Welcome to tool five of Tony's Toolbox Tuesday
Each week we will peek into one of the many tools Tony has on hand for diagnostics, inspections, and repairs. We will cover what we like, dislike, how we use it, where we got it, and other noteworthy information. Unless specifically stated otherwise, all these tools have been paid for out of pocket. We have no sponsors, paid advertisers, or donors at this time. Tony just loves tools and carries several that people tend to ask "Where did you get that? I've never seen something like it".
This week, a screwdriver with a trick up it's sleeve that turns a few heads.
Many people see a screw and don't give it a second thought as to how tight is "good enough". Some connections, electrical in particular, are critical to have a tight clamping fastening force. A loose electrical connection is a fire hazard. It leads to excessive heat in the connection, melted wiring or connectors, arcing and sparking, or worse, a fire. Excessive tightening can cause the threads to strip, which circles back to a loose connection.
The Goldilocks solution is a connection that is not too loose, not too tight, but just right.
Introducing my Wiha Torque Screwdriver set.
When it comes to electrical repairs especially, I consider this to be a "must have" right next to my Fluke test meters for diagnosing the issues. From electrical plugs and receptacles, to transfer switches and power distribution panels, most data plates and installation guides have a specified torque that the connections should be tightened to.
On this particular job I had to replace a transfer switch due to the hot L1 and neutral wiring having loose connections that caused too much heat, melting the wiring and transfer switch. Luckily it was identified in time, and the power was disconnected before it led to a fire, but the underside of the original cover showed signs of arcing and how close it had come to combustion if it had gone on longer.
As you can see from the data plate on the new cover, it specifies the bonding lug torque on the lower left corner, and the contactor lug torque rating on the lower right corner.
Setting the torque of the screwdriver is super simple. Remove the bit holder from the driver handle, insert the included adjustment tool, and turn the adjustment tool until the desired torque is in the window. Mine is adjustable from 10 to 50 inch pounds, which has so far been suitable for all the electrical repairs and other installations I have done.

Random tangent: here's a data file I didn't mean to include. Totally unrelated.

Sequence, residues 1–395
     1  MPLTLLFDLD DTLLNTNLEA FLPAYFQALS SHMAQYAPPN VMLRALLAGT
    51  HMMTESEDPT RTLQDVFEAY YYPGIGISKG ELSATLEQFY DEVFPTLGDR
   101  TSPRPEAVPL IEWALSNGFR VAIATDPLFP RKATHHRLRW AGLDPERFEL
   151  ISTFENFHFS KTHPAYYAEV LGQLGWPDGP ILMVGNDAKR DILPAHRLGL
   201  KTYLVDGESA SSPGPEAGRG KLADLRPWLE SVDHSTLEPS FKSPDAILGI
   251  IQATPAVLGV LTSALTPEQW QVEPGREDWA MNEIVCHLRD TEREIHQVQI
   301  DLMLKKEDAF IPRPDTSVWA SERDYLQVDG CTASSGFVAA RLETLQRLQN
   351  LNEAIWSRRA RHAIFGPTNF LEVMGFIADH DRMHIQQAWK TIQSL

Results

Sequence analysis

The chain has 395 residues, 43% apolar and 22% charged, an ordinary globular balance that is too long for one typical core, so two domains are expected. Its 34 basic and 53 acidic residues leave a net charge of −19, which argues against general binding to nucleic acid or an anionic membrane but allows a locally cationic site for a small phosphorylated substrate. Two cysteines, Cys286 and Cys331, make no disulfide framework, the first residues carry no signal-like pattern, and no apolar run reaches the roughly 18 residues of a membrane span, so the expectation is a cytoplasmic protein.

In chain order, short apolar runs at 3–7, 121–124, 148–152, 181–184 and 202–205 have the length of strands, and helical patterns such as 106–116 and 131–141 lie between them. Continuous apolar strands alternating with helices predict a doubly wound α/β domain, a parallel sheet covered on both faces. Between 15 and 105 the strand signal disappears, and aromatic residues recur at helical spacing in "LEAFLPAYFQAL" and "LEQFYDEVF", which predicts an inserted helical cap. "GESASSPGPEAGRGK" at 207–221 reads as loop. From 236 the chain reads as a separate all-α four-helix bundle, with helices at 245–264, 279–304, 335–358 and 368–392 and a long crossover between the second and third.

Price wise this set goes for around $260 at the time of this post. Wiha also offers an insulated version if working on live electric where shorting out the contacts is a concern for slightly more with less bit options. The Wiha part number and description for the kit is:
Wiha 28595 Torque Screwdriver and Bits Box Set 10-50 in-lbs., 53 Pieces
This tool can be found many places. I think I picked mine up from Amazon, but at the time of this post they do not have any availability or price information on it. Wiha still lists the set on their site, as do a few other tool sites if you search by the Wiha part number.
I like that if the tool were to fail, I can buy individual parts to replace them from Wiha. I also like that I can use any 1/4 inch but with the bit holder blade that was included.
One dislike I have is the shape of the handle. On higher torque settings sometimes it is tough to get a good grip on the handle to achieve the force needed to get the click. Anything below 30 inch pounds is fine, but I have done a few that required 35-45 and it was a beast of a time to get it that high.
I also think down the road I will invest in their torque tester to make sure that my driver remains in spec, and replace it if it goes too much out of tolerance. When I do, I will be sure to do a follow up Tuesday Toolbox blog post on it as well.
None of these are "affiliate links", nor do I have "promo codes" to save whatever. Just my honest opinion and review on a tool I use a lot, and links to places I order from over the years with no issues or complaints.
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Have a wonderful day and God bless!